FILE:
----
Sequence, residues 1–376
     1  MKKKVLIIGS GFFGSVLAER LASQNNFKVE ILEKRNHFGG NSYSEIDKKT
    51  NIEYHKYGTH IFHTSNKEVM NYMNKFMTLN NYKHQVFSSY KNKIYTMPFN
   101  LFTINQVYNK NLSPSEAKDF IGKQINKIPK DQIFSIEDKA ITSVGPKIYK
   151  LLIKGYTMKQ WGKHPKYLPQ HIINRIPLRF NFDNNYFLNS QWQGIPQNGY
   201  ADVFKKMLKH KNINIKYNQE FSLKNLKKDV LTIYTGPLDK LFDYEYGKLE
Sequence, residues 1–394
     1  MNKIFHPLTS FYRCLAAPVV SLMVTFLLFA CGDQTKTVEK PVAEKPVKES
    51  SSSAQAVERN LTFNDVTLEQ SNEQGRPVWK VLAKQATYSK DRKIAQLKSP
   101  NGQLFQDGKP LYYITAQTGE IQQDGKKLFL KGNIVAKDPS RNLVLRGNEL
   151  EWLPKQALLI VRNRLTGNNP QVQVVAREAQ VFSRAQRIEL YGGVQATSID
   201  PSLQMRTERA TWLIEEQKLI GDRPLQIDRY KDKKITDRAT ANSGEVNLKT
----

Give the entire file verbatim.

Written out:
Sequence, residues 1–376
     1  MKKKVLIIGS GFFGSVLAER LASQNNFKVE ILEKRNHFGG NSYSEIDKKT
    51  NIEYHKYGTH IFHTSNKEVM NYMNKFMTLN NYKHQVFSSY KNKIYTMPFN
   101  LFTINQVYNK NLSPSEAKDF IGKQINKIPK DQIFSIEDKA ITSVGPKIYK
   151  LLIKGYTMKQ WGKHPKYLPQ HIINRIPLRF NFDNNYFLNS QWQGIPQNGY
   201  ADVFKKMLKH KNINIKYNQE FSLKNLKKDV LTIYTGPLDK LFDYEYGKLE
Sequence, residues 1–394
     1  MNKIFHPLTS FYRCLAAPVV SLMVTFLLFA CGDQTKTVEK PVAEKPVKES
    51  SSSAQAVERN LTFNDVTLEQ SNEQGRPVWK VLAKQATYSK DRKIAQLKSP
   101  NGQLFQDGKP LYYITAQTGE IQQDGKKLFL KGNIVAKDPS RNLVLRGNEL
   151  EWLPKQALLI VRNRLTGNNP QVQVVAREAQ VFSRAQRIEL YGGVQATSID
   201  PSLQMRTERA TWLIEEQKLI GDRPLQIDRY KDKKITDRAT ANSGEVNLKT